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T-SQL: About the Len() and DataLength() functions

In this technical blogpost, Peter de Heer explains the meaning of the Len() and DataLength() functions and how they’re used. By showing you a small demonstration we hope to give you some insights on these two functions that seems very similar, but have their own side-effects.

Let's see the difference

Both T-SQL functions are used for measuring the length of a string or binary. Each with their own performance characteristics and lesser known side-effects!

The bottom table shows what the SQL server responds with. Here,  Len gave a different answer than DataLength for both varchar and varbinary data-types!

What happened here?

The Len function trims away trailing spaces before counting the number of characters left. It does this for binary input as well. The hexadecimal coding 20 in the varbinary assignment is 32 in decimals, which represents a space in ASCII code.

(Typical) Programming languages developers are familiar with this but don’t display this same behaviour. This behaviour will likely catch many by surprise. Even if existing code is not functionally affected, the performance of the query likely is. The unaltered length of a variable length character or binary is readily accessible meta-data. But Len has to fetch the actual data and process it, in order to provide its answer!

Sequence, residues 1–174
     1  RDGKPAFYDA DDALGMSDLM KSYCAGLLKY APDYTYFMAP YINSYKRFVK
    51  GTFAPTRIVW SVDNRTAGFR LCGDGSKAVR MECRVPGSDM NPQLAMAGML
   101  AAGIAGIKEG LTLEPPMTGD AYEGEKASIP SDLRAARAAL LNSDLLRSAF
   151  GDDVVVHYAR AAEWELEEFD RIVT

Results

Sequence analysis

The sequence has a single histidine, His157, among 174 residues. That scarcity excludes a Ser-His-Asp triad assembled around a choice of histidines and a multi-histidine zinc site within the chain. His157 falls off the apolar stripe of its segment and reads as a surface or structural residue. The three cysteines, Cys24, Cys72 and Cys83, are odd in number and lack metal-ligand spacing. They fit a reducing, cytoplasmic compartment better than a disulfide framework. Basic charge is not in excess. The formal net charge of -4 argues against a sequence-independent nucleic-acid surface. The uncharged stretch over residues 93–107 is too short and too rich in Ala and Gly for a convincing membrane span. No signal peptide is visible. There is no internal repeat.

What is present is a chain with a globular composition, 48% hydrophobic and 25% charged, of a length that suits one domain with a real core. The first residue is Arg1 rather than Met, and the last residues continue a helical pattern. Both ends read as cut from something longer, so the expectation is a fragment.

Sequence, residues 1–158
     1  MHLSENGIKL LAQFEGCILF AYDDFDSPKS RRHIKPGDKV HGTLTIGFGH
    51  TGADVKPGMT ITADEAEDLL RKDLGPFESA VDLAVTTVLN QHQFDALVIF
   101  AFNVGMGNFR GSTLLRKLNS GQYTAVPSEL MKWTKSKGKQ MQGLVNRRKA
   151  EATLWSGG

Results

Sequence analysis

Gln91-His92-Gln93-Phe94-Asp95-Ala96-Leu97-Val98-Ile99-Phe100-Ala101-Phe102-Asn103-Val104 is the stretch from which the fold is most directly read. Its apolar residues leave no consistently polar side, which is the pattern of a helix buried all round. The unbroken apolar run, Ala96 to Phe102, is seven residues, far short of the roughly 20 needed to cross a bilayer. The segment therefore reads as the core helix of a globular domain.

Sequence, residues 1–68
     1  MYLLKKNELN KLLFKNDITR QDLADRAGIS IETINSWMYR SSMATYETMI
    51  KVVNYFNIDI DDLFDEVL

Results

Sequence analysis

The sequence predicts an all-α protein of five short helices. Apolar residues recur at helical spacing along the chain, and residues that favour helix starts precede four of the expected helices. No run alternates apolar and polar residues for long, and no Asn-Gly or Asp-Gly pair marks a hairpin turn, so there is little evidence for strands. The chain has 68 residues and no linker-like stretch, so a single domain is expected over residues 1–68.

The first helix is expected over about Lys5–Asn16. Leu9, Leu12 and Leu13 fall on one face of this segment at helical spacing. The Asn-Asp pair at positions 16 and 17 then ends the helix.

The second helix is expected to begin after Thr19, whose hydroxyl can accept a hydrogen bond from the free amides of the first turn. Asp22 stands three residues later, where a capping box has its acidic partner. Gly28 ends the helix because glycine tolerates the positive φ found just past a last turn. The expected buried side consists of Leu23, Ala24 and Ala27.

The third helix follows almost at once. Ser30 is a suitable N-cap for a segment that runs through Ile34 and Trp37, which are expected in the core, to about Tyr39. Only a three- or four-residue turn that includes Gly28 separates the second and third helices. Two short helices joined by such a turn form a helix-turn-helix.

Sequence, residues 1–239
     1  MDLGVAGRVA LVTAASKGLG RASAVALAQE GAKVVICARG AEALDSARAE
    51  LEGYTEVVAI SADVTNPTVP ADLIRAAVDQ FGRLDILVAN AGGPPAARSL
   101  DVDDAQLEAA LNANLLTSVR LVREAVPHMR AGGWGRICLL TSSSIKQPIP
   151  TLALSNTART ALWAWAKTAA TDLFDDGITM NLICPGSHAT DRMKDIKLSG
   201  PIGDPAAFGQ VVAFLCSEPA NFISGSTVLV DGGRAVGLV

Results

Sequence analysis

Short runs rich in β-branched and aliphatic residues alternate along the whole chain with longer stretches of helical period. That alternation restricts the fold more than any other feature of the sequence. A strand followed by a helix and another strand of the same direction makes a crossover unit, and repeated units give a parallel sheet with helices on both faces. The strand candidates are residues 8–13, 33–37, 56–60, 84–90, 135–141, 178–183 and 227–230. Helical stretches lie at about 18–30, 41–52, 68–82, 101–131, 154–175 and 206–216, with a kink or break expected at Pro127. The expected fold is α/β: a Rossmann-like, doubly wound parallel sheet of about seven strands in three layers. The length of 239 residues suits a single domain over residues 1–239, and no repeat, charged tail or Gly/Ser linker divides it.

So what about DataLength?

DataLength uses the meta-data directly and is very fast. But it does not exactly report the length of the input, instead it reports the number of bytes!
This requires the writer of the SQL to know exactly the data-type it is operating on. And this data-type must remain unaltered afterwards or the already written code will change meaning.
Executing this code will demonstrate the DataLength side-effect. Again, the table below shows what the SQL server responds with.

The Unicode characters are counted as two bytes each. To get the length we need, the output of DataLength has to be divided by two, when dealing with Unicode character input. The best performing function will be DataLength, even with the extra division for Unicode characters. This is especially true when executing over large unfiltered data-sets. Operating on meta-data alone is just faster. However, this ties-in the code with the data-type.

A very common use-case of determining string length, is to check if the length is zero or not. DataLength will give an instant answer, but Len will have to fetch the data, right-trim it and count the characters.